Dozens of people rescued as flooding continues in NSW, Queensland
Dozens of people have been rescued and thousands more have called for help as major flooding continues to inundate parts of NSW.
In the past 24 hours, 146 calls for help have been made to the NSW State Emergency Service who have rescued eight people.
There have been 4726 calls for help and 142 rescues in total since the intense storms and wet weather began earlier this month.
NSW SES has said the vast majority of the rescues have been freeing people trapped in their cars after attempting to drive through floodwaters.
“We really want to put the message out there that the majority of the people are doing an amazing job, but with that many flood rescues yesterday we’re just really asking please don’t walk or drive through floodwaters,” an SES spokesman said.
There are now 20 flood warnings in place across NSW where heavy rainfall has flooded many of the state’s river catchments.
Major flooding continues along the Namoi River in western NSW where the front has reached Narrabri and was expected to peak in the town at 7.40 metres on Tuesday morning.
“In Gunnedah we’re currently doing a lot of resupplies. In Narrabri where the water is only just starting to fall we’re doing a lot of sandbagging,” the SES spokesman said.
Major flooding continues downstream at Wee Waa, where water levels are expected to remain near the current level for the coming week.
The SES spokesman said the Macquarie River at Dubbo was falling and there were no significant issues there.
But he said the water was still rising at Warren where SES volunteers were on the ground to help residents.
He said flooding had eased along the Hunter River around the Whittingham, Combo and Scotts Flatt regions, who have had their evacuation orders lifted.
“We want people to remain vigilant, we’ve got a big rain system moving in. The ground is saturated and the river is all full and it won’t take much for the water to rise,” he said.
The Bureau of Meteorology is warning of more widespread rain and storms developing over Queensland and Northern NSW on Tuesday.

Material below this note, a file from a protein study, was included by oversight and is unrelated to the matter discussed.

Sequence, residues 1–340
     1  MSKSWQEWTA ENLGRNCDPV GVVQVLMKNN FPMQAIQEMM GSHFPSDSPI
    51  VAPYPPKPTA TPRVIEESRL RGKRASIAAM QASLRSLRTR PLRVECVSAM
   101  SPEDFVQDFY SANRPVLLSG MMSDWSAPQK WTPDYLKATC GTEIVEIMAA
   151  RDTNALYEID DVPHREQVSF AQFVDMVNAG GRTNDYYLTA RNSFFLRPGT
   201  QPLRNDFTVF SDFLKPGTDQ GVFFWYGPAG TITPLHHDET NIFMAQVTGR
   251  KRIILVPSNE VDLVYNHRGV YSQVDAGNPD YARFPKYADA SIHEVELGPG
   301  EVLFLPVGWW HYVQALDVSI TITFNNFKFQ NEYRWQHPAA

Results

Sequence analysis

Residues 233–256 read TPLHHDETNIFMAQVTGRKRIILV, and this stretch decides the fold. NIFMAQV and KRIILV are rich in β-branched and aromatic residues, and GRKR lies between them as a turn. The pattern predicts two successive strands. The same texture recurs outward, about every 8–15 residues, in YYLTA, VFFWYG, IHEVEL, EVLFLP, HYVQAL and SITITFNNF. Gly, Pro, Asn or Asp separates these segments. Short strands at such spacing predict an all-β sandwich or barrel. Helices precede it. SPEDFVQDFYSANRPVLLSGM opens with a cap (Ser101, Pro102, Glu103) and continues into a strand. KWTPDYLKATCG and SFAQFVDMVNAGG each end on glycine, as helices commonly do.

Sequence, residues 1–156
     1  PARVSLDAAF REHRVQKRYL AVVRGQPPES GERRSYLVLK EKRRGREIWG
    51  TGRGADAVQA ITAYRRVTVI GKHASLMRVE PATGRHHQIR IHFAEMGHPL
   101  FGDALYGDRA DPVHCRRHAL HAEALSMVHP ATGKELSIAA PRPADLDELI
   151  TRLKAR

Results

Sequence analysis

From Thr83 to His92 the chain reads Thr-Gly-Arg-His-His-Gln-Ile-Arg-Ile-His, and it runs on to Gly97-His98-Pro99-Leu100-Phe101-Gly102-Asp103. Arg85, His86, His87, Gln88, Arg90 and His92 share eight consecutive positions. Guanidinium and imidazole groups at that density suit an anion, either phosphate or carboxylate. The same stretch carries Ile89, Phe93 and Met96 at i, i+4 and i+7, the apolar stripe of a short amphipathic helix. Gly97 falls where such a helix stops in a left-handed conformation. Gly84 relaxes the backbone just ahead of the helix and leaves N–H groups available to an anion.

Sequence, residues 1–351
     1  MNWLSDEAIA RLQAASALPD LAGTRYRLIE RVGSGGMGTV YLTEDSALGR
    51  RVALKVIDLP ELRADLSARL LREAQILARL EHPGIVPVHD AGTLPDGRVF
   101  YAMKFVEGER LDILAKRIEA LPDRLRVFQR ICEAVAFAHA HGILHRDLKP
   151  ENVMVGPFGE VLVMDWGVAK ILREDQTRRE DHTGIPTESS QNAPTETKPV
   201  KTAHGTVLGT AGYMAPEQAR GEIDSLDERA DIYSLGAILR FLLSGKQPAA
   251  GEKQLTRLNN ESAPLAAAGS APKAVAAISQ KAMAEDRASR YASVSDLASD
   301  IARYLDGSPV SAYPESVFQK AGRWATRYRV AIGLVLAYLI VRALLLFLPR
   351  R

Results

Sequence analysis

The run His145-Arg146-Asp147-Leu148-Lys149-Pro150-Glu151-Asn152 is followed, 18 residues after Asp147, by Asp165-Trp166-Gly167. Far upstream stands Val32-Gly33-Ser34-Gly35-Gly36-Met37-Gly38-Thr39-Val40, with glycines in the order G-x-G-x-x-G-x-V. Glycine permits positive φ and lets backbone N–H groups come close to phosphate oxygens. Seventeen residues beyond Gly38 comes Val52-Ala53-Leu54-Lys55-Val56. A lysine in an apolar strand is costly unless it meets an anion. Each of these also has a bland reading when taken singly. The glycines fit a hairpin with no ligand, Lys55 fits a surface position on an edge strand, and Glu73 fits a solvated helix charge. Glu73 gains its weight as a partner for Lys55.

Multiple weather stations across the two states saw between 15mm and 30mm of rain overnight on Sunday, while intense rainfall in northern Queensland meant Mackay copped a deluge of 305mm in the 24 hours to 9am on Monday
Rain developed that developed on the east coast on Monday is spreading to engulf most of Queensland and northern NSW on Tuesday.
Falls of between 50mm and 100mm are forecast for some areas until Wednesday, with lesser amounts further west.
Severe thunderstorms are also expected to develop, bringing the risk of heavy rainfall, large hail, and damaging winds.
Weather bureau meteorologist Jackson Browne said residents living on, or near, flooded rivers and creeks, especially in parts of northern NSW and Queensland, needed to remain vigilant.
“Heavy rainfall from these hit-and-miss storms will be an unwelcome addition to the sodden or flooded areas,” Mr Browne said.
“Dams are full and many catchments are either flooded or saturated, so any further rain or thunderstorm activity will lead to river rises and prolonged flood peaks.”
Meteorologists are warning that up to 100mm of rain could fall over parts of Queensland on Tuesday, with much of the state on flood watch.
There are now 11 flood warnings in place for the state including for the Macintyre River at Goondiwindi, which is in major flood and was expected to peak near 9.70m overnight to Tuesday.
The weather bureau is also warning of severe thunderstorms on Tuesday for the Darling Downs and Granite Belt and parts of the Central Highlands and Coalfields, Central West and Maranoa and Warrego districts.
People in parts of Northern Goldfields and Upper Flinders Forecast District should also prepare for severe thunderstorms on Tuesday.
People in the affected areas in Queensland and NSW are urged to stay across the latest forecasted warnings as many rivers are likely to experience flooding in the coming days.
Originally published as Dozens of people rescued as flooding continues in NSW, Queensland
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